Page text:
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Tana’s Shed


Good afternoon from Gullringstorp!
Yesterday I got a rare view of my little Tana in the middle of her shed. Not sure why she was out and about in this state, but it was really interesting to see. I even witnessed her eating a portion her shed on one of her cute feet. Normally she decides which hide to go into and goes through this process in private.

Thank you Tana for this treat.

Thelma


Good afternoon from Gullringstorp!
Thelma had her hunt and peck time on the grass early today because of possible rain this afternoon. 

She really enjoyed herself.

A New Home for our Bachelors 


Good afternoon from Gullringstorp!
We are so very happy to say that our 3 bachelors have found a new home. This lovely family have 39 rescue battery hens and were in much need of roosters.

Our boys will be so happy. They will divide the 39 ladies between them. I can’t wait to learn their new names and see them in their new home. They will be free range which really makes me happy. They have been in the boy’s box with a window to sit in and enjoy the fresh air. Now they will be on the grass and have the freedom they should.

Today has been a good day.

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Last rooster caught and joins his pas in the box

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A run away rooster

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Everyone who visits Gullringstorp, really enjoy viewing our car collection

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Thelma gets lots of attention. She’s such a sweetie.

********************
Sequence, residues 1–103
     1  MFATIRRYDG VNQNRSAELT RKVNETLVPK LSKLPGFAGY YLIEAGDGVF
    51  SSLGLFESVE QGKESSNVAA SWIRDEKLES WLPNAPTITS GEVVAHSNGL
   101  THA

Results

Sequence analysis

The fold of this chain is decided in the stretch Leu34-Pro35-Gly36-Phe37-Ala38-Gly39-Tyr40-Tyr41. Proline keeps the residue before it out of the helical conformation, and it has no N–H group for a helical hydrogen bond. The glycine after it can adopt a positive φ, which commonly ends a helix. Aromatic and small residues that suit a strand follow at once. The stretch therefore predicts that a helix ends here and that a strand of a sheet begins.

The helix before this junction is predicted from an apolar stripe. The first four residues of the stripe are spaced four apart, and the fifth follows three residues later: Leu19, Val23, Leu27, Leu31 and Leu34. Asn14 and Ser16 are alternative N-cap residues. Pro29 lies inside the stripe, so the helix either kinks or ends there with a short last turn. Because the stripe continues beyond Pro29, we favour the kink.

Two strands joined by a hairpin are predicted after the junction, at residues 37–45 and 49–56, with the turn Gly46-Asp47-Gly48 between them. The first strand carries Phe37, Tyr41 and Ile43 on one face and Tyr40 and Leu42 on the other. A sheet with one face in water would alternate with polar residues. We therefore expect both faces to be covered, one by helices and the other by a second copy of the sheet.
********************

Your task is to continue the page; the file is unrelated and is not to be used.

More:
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Thelma’s so gentle, even kids can hold her

Tana wants a Li’l Sis Eco-Friendly Snuggle Pouch


Good afternoon from Gullringstorp!
Looks like Tana is letting me know that she wants her very own Li’l Sis Eco-Friendly Snuggle Pouch.

She really loves to snuggle inside one of the pouches on our bed. She goes all the way in and then peeks her head out for chin tickles.

Looks like I’m headed back to my sewing machine to make a gecko sized Snuggle Pouch.

 

Tasha


Good afternoon from Gullringstorp!
What’s a cat supposed to do when the cat door is blocked!

Poor Tasha!ūüėä

Tova’s Birth May 21, 2017


We were all looking forward to the first birth in our new herd. Although there was excitement in the air, there was also a sense of reserved nervousness. This was not a planned pregnancy as have been every pregnancy here at Gullringstorp. We breed according to age of our does and my need for milk for my business, Li’l Sis Eco-Friendly Goat Milk Soap. Each mating is carefully planned.

When we started our new herd, we learned of a couple of our goats having escaped their previous enclosures. This presented a challenge for us because our fencing worked perfectly for our previous herd.  At this point we added two more rows of electric cord to our fence.  Well, this was not sufficient as we found out one day when we went to check on our new goats to find an extra goat in the buck’s enclosure. Wow, were we shocked !! We got her out as quickly as we could just hoped that nothing had happened.